Recent technology and operational improvements in extracting natural gas resources, particularly shale gas, have increased gas drilling activities across the country. Production from shale formations has grown from a negligible amount just a few years ago to almost 15 percent of total U.S. natural gas production and this share is expected to triple in the coming decades. The sharp rise in domestic production has improved U.S. energy security and created jobs, and as with any resource the administration is committed to ensuring that we continue to leverage these resources safely and responsibly, including understanding any potential impact on water resources.

Continue reading…

Getting the right information on Marcellus Shale

West Virginia’s political leadership and much of the media continue their push to show how great Marcellus Shale drilling is going to be for our state, and to dispel any notion that the state’s tax structure and regulatory requirements are not tough enough on the industry.

Take today’s top story in the Charleston Daily Mail, in which statehouse reporter Ry Rivard writes:

West Virginia appears to place a higher tax burden on natural gas operators than five surrounding states, according to a recent study by the Marshall University Center for Business and Economic Research.

A team led by professor Calvin Kent compared West Virginia to 18 other states, including Kentucky, Maryland, Ohio, Pennsylvania and Virginia.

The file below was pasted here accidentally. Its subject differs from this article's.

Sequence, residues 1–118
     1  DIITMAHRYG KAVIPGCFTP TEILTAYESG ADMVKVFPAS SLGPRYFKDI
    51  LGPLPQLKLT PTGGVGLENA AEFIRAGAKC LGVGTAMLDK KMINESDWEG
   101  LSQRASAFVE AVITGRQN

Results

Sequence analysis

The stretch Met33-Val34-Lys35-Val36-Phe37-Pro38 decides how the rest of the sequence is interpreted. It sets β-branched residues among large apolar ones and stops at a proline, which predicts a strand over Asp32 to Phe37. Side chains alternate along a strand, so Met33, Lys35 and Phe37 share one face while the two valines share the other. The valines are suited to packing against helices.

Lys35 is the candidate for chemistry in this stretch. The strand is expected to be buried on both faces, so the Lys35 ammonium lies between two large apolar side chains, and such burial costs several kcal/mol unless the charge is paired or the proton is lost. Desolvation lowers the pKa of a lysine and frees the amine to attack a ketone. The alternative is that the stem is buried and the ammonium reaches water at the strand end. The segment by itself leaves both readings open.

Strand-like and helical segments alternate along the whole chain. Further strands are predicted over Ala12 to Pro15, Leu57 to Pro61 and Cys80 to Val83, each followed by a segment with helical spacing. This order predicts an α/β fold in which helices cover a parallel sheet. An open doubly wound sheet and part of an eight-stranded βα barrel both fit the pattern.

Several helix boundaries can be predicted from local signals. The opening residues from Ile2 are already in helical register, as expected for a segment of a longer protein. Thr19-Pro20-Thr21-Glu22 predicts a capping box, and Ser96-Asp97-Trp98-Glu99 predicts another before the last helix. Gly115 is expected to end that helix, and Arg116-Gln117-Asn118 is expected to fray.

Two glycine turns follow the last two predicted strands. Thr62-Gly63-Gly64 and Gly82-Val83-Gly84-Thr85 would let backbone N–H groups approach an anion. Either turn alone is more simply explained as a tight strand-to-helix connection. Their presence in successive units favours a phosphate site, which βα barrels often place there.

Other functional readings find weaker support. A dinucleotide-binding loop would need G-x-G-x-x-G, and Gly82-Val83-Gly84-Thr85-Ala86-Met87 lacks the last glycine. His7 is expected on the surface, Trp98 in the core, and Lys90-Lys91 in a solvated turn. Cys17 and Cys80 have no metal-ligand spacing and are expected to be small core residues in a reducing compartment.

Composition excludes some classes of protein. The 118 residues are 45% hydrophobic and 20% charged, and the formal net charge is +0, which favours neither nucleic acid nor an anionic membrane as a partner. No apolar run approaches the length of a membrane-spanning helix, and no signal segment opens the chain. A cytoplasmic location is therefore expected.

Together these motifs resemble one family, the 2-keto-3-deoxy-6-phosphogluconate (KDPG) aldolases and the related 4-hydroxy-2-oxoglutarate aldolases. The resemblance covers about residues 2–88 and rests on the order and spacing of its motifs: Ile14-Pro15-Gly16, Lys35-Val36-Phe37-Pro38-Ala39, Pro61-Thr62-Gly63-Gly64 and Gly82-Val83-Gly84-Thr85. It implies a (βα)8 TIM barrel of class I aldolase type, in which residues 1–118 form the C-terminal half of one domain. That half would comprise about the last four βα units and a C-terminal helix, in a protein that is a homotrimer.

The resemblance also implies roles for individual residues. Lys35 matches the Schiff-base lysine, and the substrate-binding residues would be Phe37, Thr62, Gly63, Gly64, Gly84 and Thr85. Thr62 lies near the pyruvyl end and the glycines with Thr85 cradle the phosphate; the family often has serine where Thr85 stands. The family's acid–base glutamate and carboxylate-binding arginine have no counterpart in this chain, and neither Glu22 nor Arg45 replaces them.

“West Virginia places more taxes and fees on natural gas production than most of the other states which were studied,” Kent and his team concluded. That includes Pennsylvania, which is in direct competition with West Virginia for drilling activity.

Before we’re too tough on our buddy Ry, though, let’s not forget that the Gazette’s statehouse reporter, Phil Kabler, took this Marshall spin without question, writing last week:

A report by the Marshall Center for Business and Economic Research found that West Virginia’s taxes and fees imposed on natural gas production are comparable overall with other natural gas producing states, but noticeably higher than surrounding states.

West Virginia’s severance tax, 5 percent of gross value, is higher than neighboring states, including the states of Pennsylvania and Maryland, which have no severance tax on natural gas.

“You’ve got a huge advantage in Pennsylvania right now, because natural gas is being exploited out of that state with very minimal taxation,” Marshall professor Cal Kent told an interim committee on Finance.

The report said it is impossible to determine what impact the tax rates will have on development of Marcellus Shale drilling in the state, since taxation is only one of many factors that determine where companies will locate.

Now, this Marshall University report is certainly being promoted by industry groups and their supporters. But if anybody had bothered to dig a little deeper, they might have found this preliminary analysis by the West Virginia Center for Budget and Policy, which explains that simply comparing the basic tax rate isn’t enough — it doesn’t show the full picture. To do that, as the center explains, you have to look at “effective rates” of taxation:

However, effective rates are often lower than statutory rates. The effective rate is the end result after you adjust for deductions, limits and credits.

As we’ve written before over on the Gazette’s Coal Tattoo blog, that sort of review paints quite a different picture, showing that West Virginia’s severance tax (for all mining – industries, including coal and natural gas):